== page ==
I am reading lecture notes Deriving the Path Integral by A. Wipf (pdf) trying to better understand how to derive the path integral. Specifically, equation (2.27) is:

$$ K(t,q',q)=\int d\omega_1... d\omega_2\prod_{j=0}^{j=n-1}\langle \omega_{j+1} | e^{-itH/\hbar n} | \omega_j \rangle. $$

What I do not like about the author's proof is that midway in the proof he converts $H$ to a non-relativistic particle in a potential, then show that the prod part is equivalent to an integral over $t$ (equation 2.29) for this specific Hamiltonian. Then, simply 'suggests' that it works for a general action (equation 2.30).

How can I show that

$$ \lim_{n\to \infty} \prod_{j=0}^{j=n-1}\langle \omega_{j+1} | e^{-itH/\hbar n} | \omega_j \rangle \to e^{\int L(t,q',q)dt} $$

Without having to use the special case of a non-relativistic particle in a potential. Can it be done in the general case for any Hamiltonian? One would have to consider $H$ as a matrix, and work out the correspondance leaving $H$ as a matrix.

  • As a side node, I am not sure why the author changes the notation from $q$ to $\omega$ at 2.26 to 2.27. Could we had simply kept using $q$?

1 Answer 1


Any textbook/lecture notes derivation of the correspondence between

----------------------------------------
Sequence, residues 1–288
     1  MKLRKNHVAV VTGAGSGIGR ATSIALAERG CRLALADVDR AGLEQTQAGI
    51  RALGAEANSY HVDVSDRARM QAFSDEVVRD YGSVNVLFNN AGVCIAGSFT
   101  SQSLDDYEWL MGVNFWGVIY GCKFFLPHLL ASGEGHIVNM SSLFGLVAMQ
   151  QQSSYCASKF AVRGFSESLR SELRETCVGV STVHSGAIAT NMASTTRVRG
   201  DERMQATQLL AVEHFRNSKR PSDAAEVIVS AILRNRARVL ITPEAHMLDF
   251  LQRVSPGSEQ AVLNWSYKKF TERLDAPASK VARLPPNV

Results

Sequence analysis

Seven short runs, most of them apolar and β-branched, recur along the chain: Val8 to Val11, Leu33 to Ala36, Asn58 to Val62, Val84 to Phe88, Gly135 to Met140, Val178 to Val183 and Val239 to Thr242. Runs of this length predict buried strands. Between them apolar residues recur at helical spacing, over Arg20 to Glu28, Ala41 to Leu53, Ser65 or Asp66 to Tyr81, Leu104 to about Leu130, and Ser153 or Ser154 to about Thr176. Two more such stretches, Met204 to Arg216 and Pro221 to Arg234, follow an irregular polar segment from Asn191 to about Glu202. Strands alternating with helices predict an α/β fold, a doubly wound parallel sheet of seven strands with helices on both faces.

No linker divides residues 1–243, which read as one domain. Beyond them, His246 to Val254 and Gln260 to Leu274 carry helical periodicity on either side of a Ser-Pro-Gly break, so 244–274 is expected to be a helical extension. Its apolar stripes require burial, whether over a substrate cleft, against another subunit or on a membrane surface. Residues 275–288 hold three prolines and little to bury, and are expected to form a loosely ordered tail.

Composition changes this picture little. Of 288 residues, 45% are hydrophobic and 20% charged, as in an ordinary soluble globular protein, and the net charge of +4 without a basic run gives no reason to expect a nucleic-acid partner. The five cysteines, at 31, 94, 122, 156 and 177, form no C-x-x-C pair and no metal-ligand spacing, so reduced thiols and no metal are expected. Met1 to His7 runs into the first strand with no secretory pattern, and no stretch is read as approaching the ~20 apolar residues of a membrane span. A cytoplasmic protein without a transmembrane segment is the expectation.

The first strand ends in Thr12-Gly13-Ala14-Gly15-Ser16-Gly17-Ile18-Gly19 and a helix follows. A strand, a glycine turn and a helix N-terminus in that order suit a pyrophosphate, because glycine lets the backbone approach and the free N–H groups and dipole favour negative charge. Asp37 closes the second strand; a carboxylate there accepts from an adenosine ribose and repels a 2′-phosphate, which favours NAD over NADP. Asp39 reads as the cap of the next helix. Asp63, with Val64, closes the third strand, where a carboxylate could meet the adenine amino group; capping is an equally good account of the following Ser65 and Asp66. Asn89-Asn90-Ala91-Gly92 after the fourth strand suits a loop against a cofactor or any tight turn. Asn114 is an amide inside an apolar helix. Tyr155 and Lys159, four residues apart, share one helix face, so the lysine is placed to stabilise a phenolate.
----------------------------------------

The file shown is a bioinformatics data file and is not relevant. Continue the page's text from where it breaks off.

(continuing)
$$\begin{align} &\text{Operator formalism} \cr & \qquad\qquad \updownarrow \cr &\text{Path integral formalism} \end{align} \tag{1}$$

is a formal derivation, which discards contributions in the process. It is naturally to split the derivation into 2 parts:

$$\begin{align} &\text{Operator formalism} \cr & \qquad\qquad \updownarrow \cr &\text{Hamiltonian phase space path integral formalism}\cr & \qquad\qquad \updownarrow \cr &\text{Lagrangian path integral formalism} \end{align} \tag{2}$$

Very briefly, in the first leg one discretizes phase space paths by alternate between introducing complete positions and momenta bases. In the second leg one integrates out the momenta. For more details, see e.g. this, this, this related Phys.SE posts and links therein.


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